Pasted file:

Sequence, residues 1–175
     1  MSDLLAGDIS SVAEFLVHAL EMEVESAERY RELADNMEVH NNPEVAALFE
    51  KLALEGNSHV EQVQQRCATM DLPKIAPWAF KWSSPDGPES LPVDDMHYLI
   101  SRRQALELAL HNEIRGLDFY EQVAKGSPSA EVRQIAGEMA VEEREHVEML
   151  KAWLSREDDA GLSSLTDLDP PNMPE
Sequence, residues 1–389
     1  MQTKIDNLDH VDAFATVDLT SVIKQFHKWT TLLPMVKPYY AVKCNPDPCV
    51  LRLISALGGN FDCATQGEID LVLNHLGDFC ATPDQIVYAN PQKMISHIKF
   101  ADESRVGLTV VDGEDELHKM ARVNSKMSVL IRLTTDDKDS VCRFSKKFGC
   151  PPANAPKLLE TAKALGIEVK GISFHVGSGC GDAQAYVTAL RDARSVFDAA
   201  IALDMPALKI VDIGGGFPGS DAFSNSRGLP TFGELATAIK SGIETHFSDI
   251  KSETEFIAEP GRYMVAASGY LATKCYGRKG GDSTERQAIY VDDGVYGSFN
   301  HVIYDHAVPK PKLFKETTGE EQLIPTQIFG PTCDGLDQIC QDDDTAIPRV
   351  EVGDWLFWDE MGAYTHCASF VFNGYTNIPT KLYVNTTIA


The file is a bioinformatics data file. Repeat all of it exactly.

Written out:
Sequence, residues 1–175
     1  MSDLLAGDIS SVAEFLVHAL EMEVESAERY RELADNMEVH NNPEVAALFE
    51  KLALEGNSHV EQVQQRCATM DLPKIAPWAF KWSSPDGPES LPVDDMHYLI
   101  SRRQALELAL HNEIRGLDFY EQVAKGSPSA EVRQIAGEMA VEEREHVEML
   151  KAWLSREDDA GLSSLTDLDP PNMPE
Sequence, residues 1–389
     1  MQTKIDNLDH VDAFATVDLT SVIKQFHKWT TLLPMVKPYY AVKCNPDPCV
    51  LRLISALGGN FDCATQGEID LVLNHLGDFC ATPDQIVYAN PQKMISHIKF
   101  ADESRVGLTV VDGEDELHKM ARVNSKMSVL IRLTTDDKDS VCRFSKKFGC
   151  PPANAPKLLE TAKALGIEVK GISFHVGSGC GDAQAYVTAL RDARSVFDAA
   201  IALDMPALKI VDIGGGFPGS DAFSNSRGLP TFGELATAIK SGIETHFSDI
   251  KSETEFIAEP GRYMVAASGY LATKCYGRKG GDSTERQAIY VDDGVYGSFN
   301  HVIYDHAVPK PKLFKETTGE EQLIPTQIFG PTCDGLDQIC QDDDTAIPRV
   351  EVGDWLFWDE MGAYTHCASF VFNGYTNIPT KLYVNTTIA